Man has only one tool to fight error: reason.
— Ludwig von Mises
1. A blog you should follow: Generation Y, by Yoani Sánchez. I’m currently reading her book Havana Real, which I think is a collection of blog posts from 2007–2010, and I love it. She writes on daily life in Cuba under the Castro regime, helping towards the objective of establishing a free society there. While it’s not surprising, I think it’s interesting that the way she describes Cuba is similar to how a Soviet would have described the Soviet Union during the decade prior to its collapse. A great excerpt from the book,
I learned a long time ago that the best way to fool “security agents” is by making public everything one thinks. To sign our names, speak our opinions, and not hide anything disarms their dark maneuvers from vigilance.
— Yoani Sánchez, Havana Real (New York: Melville House, 2011), p. 23.
While Sánchez is an infinitely better writer than I am and her experiences are personal, reading the book reminds me of this piece published on Mises Daily: “What the State Fears Most: Information.” (The book also reminds of Jeffrey Tucker; this is the kind of stuff — evading, circumnavigating, and fighting the State — he’d really enjoy.)
2. Every once in a while I bring up some of my Wikipedia work, much of it dealing with tanks (especially Spanish tanks). As it turns out, on 5 February 2013, Wikipedia will run “Tanks in the Spanish Army” on the main page (the longest Wikipedia article I’ve ever written, I think; all the photographs are mine, too) — here is the blurb. I have what amounts to a tacit New Years’ resolution to work on the articles of a few economists (probably W.H. Hutt first), but progress is slow.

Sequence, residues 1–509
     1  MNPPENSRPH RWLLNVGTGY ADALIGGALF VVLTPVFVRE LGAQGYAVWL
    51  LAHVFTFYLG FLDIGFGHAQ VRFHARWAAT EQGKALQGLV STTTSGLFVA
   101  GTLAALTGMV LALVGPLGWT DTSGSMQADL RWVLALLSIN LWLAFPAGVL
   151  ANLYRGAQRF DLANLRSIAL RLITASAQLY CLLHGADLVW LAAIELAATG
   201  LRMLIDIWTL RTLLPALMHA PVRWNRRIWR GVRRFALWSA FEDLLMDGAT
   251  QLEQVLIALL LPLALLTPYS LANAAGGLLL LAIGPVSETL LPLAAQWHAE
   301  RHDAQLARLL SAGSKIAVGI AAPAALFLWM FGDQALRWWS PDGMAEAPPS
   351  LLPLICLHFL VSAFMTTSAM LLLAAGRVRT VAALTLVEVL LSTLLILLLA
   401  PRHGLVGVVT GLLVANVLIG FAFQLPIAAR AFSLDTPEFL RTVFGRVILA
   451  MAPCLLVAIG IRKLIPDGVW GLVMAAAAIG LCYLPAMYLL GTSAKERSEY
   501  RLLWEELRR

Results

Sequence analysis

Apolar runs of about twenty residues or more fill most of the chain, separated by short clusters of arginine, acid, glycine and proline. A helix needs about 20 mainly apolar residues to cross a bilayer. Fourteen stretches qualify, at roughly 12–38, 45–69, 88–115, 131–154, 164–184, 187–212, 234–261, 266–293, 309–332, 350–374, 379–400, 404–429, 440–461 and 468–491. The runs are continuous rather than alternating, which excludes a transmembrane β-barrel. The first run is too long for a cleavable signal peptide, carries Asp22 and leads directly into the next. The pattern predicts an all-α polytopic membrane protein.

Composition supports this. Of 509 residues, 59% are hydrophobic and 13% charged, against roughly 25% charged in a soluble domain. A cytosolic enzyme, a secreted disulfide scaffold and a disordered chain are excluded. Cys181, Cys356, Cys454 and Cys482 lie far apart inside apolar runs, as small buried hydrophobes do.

3. I was looking through a couple of the years in the New York Review of Books archives, and I found some review pieces on some interesting books: Lewis Coser on Fritz Machlup‘s The Production and Distribution of Knowledge in the United States; Oscar Gass on a number of books on Soviet Russia; Ben Seligman reviews a book by David Bazelon on “paper money” that might be of interest to intellectual opponents of the current monetary system. These are all reviews from the early 1960s, if I remember correctly, so it puts us in the context of the intellectual air of that time.
4. Matias Vernengo, “What Makes Capitalism Capitalism.” This is a follow-up post to a Twitter debate between him, blogger Unlearningecon, and myself on what capitalism is (and, actually, much more than that, including methodology). I still disagree with him, but I’ll reserve my opinion for an actual dedicated essay.
5. “A Brief History of Macro.” I still haven’t finished reading this piece, but it should be of interest to anyone trying to get a handle on modern macroeconomics. Related, I wonder if it would be more fruitful to avoid the micro and macro dichotomy and instead classify economics on a gradient of complexity. If we were to do this, a lot of the modern macro would probably fall pretty close to micro on the gradient, and subjects like complexity theory and institutional analysis would be closer to the opposite pole.